My friends story is a very very sad one. She retired 10 years ago and has not had medical insurance since then until she turned 65 in September. So she never got any health care for the last 10 years. She is one of the smartest people I know & she made some incredibly stupid decisions. She started having health problems like 18 months ago & STILL did not go to a doctor. She never told anyone – not even her family. I will NEVER understand her decisions. So she finally went about 3 weeks ago, because she was in so much pain from her kidney. They found a large tumor on it. She is having surgery to remove the kidney on Tuesday. She was in the hospital for 10 days where they performed many tests & found tumors in her breast & on her liver and colon too. The biopsies from the breast showed Stage 3 IDC and the liver biopsy showed it was breast cancer too. They are not sure what is in the kidney – but think it's maybe unrelated to the breast cancer, but they will find out after the surgery to remove it. The colon they are waiting on for now.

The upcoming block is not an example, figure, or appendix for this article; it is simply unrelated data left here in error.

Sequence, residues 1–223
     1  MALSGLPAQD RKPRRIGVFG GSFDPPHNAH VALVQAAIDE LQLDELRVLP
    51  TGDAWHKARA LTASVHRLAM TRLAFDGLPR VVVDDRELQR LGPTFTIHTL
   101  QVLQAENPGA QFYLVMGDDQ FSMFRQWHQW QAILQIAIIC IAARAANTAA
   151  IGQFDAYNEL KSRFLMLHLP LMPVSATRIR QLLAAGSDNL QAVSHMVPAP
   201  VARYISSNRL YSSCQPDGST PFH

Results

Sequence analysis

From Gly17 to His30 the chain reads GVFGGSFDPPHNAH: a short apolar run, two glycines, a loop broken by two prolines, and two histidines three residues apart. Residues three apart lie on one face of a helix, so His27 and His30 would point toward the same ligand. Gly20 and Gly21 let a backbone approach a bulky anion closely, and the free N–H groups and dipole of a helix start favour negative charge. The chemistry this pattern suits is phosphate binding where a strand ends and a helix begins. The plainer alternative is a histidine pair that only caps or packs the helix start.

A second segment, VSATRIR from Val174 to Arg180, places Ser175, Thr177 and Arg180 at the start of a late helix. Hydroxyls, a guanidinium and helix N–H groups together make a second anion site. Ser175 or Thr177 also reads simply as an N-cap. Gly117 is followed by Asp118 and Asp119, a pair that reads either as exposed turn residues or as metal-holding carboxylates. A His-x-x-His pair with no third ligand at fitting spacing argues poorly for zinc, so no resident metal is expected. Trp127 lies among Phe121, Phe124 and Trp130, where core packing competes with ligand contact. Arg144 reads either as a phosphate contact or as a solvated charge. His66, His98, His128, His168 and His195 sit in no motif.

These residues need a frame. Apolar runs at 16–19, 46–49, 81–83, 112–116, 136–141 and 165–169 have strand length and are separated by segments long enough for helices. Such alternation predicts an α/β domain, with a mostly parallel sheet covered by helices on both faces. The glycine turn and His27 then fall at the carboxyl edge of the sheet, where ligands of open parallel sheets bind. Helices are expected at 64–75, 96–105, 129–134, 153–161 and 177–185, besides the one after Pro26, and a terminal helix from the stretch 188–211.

Her mom died from lung cancer in the 1980s. So I can only wonder if she'd had regular mammograms, she would have been treatable. I spoke to her last night & depending on the results of the kidney tumor, it sounded like she may choose no treatments. I don't know if it's a fear of treatments – after what her mother went thru or what. I kept telling her that treatments now are so much more advanced. This is incredibly sad to me. I met her in college when I was 18. This to me – says more about regular checkups and being open to friends and family about health problems. We have to take care of ourselves.